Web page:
From Ludlow, Shropshire, United Kingdom:
My five-year-old son was diagnosed with type 1 diabetes at sixteen months. He uses a pump with NovoRapid. He was ill over a period of three weeks. This illness started with a high temperature up to 42 degrees Celsius (107.6 degrees Fahrenheit), which I couldn't get down. Ketones were between 3.0 and 4.0 mmol/L and his blood glucose was up to 26 mmol/L [468 mg/dl]. He was admitted to the hospital where he was treated for ketoacidosis. The ketones went up to 5.9 mmol/L, but no cause could be found for the high temperature. He was discharged the next evening but still not great, then readmitted two days later with a temperature and abdominal pain. He had an abdominal scan, chest x-rays, and was seen by the surgeons, but, again, no cause could be found and he was again discharged. Three days later, he became ill and was diagnosed with an ear infection for which he was given amoxycillin for seven days. Throughout this period, he had ketones present. I realize that he was not eating well and this would account for some ketones being present during recovery, but it is now twelve days since he finished his antibiotics and is eating well, yet, we are still detecting ketones and not just in the morning. I have never known him to have ketones present unless he is ill also. Over the past five mornings, he has had blood glucose levels of between 3.0 mmol/L [54 mg/dl] and 3.9 mmol/L [70 mg/dl], even though they have been normal at midnight. Last night, his blood sugar was 13 mmol/L [234 mg/dl], but he was only 3 mmol/L [54 mg/dl] this morning. I have tried searching for information regarding elevated ketones, but have not had much luck. Is this something that I need to worry about? I did wonder if perhaps he is not absorbing his food properly and this could cause him not get enough calories. What do you think is happening?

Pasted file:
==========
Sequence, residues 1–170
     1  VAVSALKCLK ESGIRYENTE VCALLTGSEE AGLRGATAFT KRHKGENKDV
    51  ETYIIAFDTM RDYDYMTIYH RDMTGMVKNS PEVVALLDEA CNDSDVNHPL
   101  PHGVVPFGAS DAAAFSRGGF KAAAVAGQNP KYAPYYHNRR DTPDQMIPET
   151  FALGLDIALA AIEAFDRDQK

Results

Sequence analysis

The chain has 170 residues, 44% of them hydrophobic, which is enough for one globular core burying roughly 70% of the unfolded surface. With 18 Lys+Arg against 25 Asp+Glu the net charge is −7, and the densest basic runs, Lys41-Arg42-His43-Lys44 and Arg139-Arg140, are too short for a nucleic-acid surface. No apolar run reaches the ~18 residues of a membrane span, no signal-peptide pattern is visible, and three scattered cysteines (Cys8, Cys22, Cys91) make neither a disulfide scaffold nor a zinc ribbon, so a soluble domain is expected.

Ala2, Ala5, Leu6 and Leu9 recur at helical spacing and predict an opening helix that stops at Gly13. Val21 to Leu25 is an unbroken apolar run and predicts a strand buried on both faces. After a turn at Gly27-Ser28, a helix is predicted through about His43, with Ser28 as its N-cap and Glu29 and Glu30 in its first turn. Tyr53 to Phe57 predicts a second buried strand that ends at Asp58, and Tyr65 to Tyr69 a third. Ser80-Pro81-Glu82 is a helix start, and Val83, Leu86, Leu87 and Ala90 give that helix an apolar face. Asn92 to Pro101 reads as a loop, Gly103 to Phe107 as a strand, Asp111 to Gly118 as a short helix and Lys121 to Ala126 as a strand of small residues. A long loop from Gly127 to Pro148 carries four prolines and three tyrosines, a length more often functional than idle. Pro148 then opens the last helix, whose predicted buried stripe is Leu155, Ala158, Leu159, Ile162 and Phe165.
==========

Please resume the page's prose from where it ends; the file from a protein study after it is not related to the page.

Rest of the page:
The presence of ketones, PLUS high glucose, indicates a relative lack of insulin. I'd think that either the pump is short-changing you somehow (so change your sites, tubing, reservoir, EVERTHING, etc.) OR the metabolic demands on your child are now such that the usual basal doses of insulin are inadequate.
I'd do a couple of things in a step-wise fashion, after you change the site, and if that does not fix things. First, give an injection of your usual insulin in doses typically calculated to correct the higher readings. Second, if you still have problems with ketones and higher readings, then I'd give a shot of REGULAR insulin. I find that insulin aspart (NovoRapid, NovoLog) does not do as good a job on sick days with ketones.
Certainly, discuss matters with your diabetes team.
Original posting 26 Feb 2007
Posted to Hyperglycemia and DKA
|Return to the Top of This Page|
Last Updated: Tuesday April 06, 2010 15:10:12
This Internet site provides information of a general nature and is designed for educational purposes only. If you have any concerns about your own health or the health of your child, you should always consult with a physician or other health care professional.
This site is published by T-1 Today, Inc. (d/b/a Children with Diabetes), a 501c3 not-for-profit organization, which is responsible for its contents. Our mission is to provide education and support to families living with type 1 diabetes.
© Children with Diabetes, Inc. 1995-2018. Comments and Feedback.